Following the keynote address was a panel discussion designed to offer students a broad perspective on the residency application process. We were fortunate to hear from a number of experienced panelists who offered candid insights and thought-provoking advice. The panelists included Dr. Teri Turner- Director of the Academic General Pediatrics Fellowship Program at Baylor College of Medicine, Dr. Lynn Gardner- Associate Program Director of the Pediatrics Residency Program at Emory University School of Medicine, Dr. Rachel Dawkins- Associate Program Director of the Pediatrics Residency Program at Louisiana State University New Orleans, and Dr. Lisa Costello, PGY-2, Internal Medicine/Pediatrics at West Virginia University. The panel discussion was an invaluable opportunity for medical students to ask important questions about the process of applying to residency programs and to gain unique perspectives from different experts. The panel proved to be a phenomenal way to learn ab! out some of the similarities and differences between programs in regards to the residency selection process.

Not only was this session informative and enriching, it was also a lot of fun! Students met and mingled with others from medical schools across the country. As a creative way for us all to “make our mark” among children in New Orleans, attendees designed hundreds of colorful bookmarks that were then donated to children at a local library.

The culminating event of the SOMSRFT Medical Student programming was the first annual “Subspecialty Speed-Dating” session. Students had the opportunity to meet with pediatric subspecialists in fields including Neonatology, Pulmonology, Critical Care, Surgery, Nephrology, Sports Medicine, Infectious Diseases, Hospital Medicine, and Hematology-Oncology. Medical students sat with pediatric subspecialists for a “speedy” information session on their field, with each meeting lasting about 8 minutes- just enough time to learn a bit about unique aspects of the field and to ask some questions. Students left with a better understanding of the breadth of career opportunities available under the umbrella of pediatrics.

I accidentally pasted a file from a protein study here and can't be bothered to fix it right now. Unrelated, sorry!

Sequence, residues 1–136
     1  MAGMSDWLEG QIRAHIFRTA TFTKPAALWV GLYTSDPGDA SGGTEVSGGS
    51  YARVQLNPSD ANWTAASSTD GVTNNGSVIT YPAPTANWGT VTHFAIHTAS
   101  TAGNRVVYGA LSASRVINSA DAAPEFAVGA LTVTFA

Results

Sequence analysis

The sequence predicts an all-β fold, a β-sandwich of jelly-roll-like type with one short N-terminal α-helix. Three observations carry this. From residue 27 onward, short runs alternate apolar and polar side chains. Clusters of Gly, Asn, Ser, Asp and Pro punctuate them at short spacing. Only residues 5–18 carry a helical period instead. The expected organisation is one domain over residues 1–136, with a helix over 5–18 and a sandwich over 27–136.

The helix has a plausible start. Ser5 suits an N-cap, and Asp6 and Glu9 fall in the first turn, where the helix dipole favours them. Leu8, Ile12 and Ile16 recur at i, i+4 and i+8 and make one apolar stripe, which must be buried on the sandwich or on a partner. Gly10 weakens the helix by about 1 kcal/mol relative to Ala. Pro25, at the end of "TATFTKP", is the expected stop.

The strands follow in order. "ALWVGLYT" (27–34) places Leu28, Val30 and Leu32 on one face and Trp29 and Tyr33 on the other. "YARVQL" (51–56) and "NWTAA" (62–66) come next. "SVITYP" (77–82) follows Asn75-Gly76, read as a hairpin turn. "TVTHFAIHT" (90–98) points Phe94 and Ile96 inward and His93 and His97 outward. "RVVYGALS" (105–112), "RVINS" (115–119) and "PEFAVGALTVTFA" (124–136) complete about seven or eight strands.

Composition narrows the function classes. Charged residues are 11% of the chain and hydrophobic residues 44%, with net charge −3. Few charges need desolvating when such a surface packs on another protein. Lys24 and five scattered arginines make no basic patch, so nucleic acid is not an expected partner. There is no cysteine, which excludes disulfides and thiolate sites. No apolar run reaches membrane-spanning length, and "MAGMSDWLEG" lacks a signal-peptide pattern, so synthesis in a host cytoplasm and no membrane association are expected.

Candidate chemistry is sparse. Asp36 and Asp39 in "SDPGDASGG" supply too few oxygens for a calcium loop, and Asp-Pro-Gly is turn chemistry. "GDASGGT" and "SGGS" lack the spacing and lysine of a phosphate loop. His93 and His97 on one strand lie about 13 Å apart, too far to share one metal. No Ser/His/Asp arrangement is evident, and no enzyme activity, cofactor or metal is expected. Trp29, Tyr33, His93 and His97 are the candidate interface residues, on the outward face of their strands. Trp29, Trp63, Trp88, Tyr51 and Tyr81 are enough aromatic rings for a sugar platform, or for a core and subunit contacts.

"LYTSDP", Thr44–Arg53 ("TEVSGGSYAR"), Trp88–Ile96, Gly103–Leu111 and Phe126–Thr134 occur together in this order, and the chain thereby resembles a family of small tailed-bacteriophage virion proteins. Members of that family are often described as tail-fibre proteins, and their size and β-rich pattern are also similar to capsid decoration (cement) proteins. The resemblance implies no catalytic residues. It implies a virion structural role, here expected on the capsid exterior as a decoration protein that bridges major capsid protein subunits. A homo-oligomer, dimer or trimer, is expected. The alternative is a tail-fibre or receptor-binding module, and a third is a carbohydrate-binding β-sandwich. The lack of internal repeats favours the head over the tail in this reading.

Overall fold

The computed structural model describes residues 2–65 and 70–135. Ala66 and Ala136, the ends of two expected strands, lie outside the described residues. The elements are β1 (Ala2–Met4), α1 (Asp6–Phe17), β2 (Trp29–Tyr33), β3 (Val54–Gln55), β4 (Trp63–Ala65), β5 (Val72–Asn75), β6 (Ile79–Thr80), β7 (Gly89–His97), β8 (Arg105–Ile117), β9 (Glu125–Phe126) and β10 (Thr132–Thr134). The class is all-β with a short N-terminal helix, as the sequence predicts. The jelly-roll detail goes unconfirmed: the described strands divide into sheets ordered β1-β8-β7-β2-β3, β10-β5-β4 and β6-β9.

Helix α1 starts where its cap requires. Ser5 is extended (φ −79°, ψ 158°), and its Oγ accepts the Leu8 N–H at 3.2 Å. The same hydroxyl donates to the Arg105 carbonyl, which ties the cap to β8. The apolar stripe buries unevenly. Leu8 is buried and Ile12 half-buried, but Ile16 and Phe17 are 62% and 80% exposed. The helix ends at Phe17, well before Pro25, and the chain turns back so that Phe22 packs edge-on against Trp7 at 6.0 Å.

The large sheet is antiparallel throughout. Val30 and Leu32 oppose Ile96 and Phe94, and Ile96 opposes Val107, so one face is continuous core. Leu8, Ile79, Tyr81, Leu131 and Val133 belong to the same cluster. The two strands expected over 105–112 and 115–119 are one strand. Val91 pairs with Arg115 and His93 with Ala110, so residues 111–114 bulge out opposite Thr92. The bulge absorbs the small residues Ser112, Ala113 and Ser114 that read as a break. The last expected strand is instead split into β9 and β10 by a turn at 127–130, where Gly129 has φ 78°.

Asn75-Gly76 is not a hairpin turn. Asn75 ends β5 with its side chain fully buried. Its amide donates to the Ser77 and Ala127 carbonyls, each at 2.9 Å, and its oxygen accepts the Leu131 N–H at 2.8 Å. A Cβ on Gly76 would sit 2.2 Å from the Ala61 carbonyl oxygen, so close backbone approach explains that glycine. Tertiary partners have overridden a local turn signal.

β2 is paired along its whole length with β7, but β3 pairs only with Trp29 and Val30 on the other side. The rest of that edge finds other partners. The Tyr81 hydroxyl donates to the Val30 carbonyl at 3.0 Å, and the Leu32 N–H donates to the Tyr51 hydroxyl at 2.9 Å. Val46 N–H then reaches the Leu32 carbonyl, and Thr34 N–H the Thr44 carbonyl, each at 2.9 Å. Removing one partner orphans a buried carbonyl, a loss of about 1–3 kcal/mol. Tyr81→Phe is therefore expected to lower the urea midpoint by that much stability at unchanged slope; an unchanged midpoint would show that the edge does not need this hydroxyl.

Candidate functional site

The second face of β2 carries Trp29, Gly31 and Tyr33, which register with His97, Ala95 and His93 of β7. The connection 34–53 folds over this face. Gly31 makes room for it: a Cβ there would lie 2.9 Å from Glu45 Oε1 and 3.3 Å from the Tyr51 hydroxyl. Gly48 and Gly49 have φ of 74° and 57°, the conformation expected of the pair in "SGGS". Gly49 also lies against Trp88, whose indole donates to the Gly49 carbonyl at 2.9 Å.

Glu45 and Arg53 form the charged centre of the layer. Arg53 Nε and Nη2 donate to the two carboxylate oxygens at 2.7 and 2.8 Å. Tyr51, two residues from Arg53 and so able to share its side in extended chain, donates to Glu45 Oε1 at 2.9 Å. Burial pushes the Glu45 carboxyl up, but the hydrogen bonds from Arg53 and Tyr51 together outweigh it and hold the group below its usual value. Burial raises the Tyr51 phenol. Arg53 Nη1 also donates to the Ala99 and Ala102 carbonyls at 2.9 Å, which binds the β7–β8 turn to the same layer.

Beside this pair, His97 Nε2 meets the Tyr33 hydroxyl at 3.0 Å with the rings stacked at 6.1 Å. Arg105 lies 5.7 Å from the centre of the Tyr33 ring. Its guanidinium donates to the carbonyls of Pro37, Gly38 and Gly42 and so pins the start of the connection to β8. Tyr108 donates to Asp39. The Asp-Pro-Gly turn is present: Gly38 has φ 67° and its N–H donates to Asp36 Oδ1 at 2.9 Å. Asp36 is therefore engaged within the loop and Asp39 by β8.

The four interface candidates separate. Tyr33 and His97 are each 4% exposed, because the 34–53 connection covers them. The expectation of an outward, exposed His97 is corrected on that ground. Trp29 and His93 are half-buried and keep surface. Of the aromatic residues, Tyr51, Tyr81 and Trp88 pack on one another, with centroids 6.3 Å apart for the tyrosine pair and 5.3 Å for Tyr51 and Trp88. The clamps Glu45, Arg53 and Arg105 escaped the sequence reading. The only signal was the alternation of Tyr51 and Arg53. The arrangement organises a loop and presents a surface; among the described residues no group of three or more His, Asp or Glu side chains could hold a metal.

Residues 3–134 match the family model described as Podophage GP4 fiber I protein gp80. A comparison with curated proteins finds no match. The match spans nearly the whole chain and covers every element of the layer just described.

The SOMSRFT Medical Student session was a tremendous opportunity for students to gather, connect with other students from around the country, and to gain some useful advice from seasoned pediatric physicians. The physicians who visited the session were excited about students’ education and enrichment, and eager to share their own experiences in their careers in pediatrics.

Children truly are our future, and the optimization of children’s physical, mental and social health is paramount. As future pediatricians, the sooner in our careers that we reach out and take action, the more we will learn and the more we will be able to impact child health in the future. Isaac Newton once wrote, “If I have seen further it is by standing on the shoulders of giants.” To train in medicine is, undoubtedly, to build upon the research and intellectual pursuits of those who came before us. Attending the annual AAP National Conference & Exhibition was an opportunity for medical students to sit down and talk with many of the intellectual ‘giants’ of pediatric medicine, and to learn from them so that we, in turn, may continue to see further.

~ Kristin Schwarz

November 2012 Updates

November 24th, 2012


On Wednesday, November 7, 2012, SCOMSA held its third meeting of the year. The minutes from the meeting are included in the following link 2012.11.7 SCOMSA Minutes (2).

On Saturday, September 29, 2012, twenty-one BUSM students, ranging from first years to fourth, ventured out to Shelburne Farm in Stowe, MA for some autumnal fun. Students picked a variety of apples and pumpkins, while enjoying mulled cider and freshly baked cider donuts. It was a great opportunity for students to bond with each other and to make connections with students from different class years. This event was made possible by the generous support of OSA’s Wellness Program and SCOMSA.

Apple Picking 2012 - 2

Apple Picking 2012 - 6_______________________________________________________________________________________

Student Group Activities:



Dr. Feinberg will be giving an introductory talk about the field of ophthalmology to first- and second-year medical students. He will speak particularly to how to spend the summer between first and second year if ophtho is a career consideration. Additionally, he will introduce other options to learn more about the field of ophthalmology (such as shadowing experiences, research, etc.)